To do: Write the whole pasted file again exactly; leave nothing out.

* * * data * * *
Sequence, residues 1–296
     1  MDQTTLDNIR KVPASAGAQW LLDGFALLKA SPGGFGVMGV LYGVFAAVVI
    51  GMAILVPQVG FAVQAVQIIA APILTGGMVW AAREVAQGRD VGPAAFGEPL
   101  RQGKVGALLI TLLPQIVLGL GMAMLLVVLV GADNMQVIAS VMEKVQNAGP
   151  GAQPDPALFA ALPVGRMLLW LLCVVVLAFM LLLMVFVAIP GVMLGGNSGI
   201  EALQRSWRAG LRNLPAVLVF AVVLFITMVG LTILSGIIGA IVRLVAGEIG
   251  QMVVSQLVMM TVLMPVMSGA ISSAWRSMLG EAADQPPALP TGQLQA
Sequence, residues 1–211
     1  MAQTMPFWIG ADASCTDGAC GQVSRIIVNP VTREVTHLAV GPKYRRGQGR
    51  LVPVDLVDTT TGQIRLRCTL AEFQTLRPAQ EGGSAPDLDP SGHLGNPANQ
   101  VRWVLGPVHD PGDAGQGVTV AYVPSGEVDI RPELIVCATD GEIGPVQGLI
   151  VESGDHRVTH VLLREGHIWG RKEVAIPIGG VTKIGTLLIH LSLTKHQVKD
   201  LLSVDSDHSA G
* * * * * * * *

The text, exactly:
Sequence, residues 1–296
     1  MDQTTLDNIR KVPASAGAQW LLDGFALLKA SPGGFGVMGV LYGVFAAVVI
    51  GMAILVPQVG FAVQAVQIIA APILTGGMVW AAREVAQGRD VGPAAFGEPL
   101  RQGKVGALLI TLLPQIVLGL GMAMLLVVLV GADNMQVIAS VMEKVQNAGP
   151  GAQPDPALFA ALPVGRMLLW LLCVVVLAFM LLLMVFVAIP GVMLGGNSGI
   201  EALQRSWRAG LRNLPAVLVF AVVLFITMVG LTILSGIIGA IVRLVAGEIG
   251  QMVVSQLVMM TVLMPVMSGA ISSAWRSMLG EAADQPPALP TGQLQA
Sequence, residues 1–211
     1  MAQTMPFWIG ADASCTDGAC GQVSRIIVNP VTREVTHLAV GPKYRRGQGR
    51  LVPVDLVDTT TGQIRLRCTL AEFQTLRPAQ EGGSAPDLDP SGHLGNPANQ
   101  VRWVLGPVHD PGDAGQGVTV AYVPSGEVDI RPELIVCATD GEIGPVQGLI
   151  VESGDHRVTH VLLREGHIWG RKEVAIPIGG VTKIGTLLIH LSLTKHQVKD
   201  LLSVDSDHSA G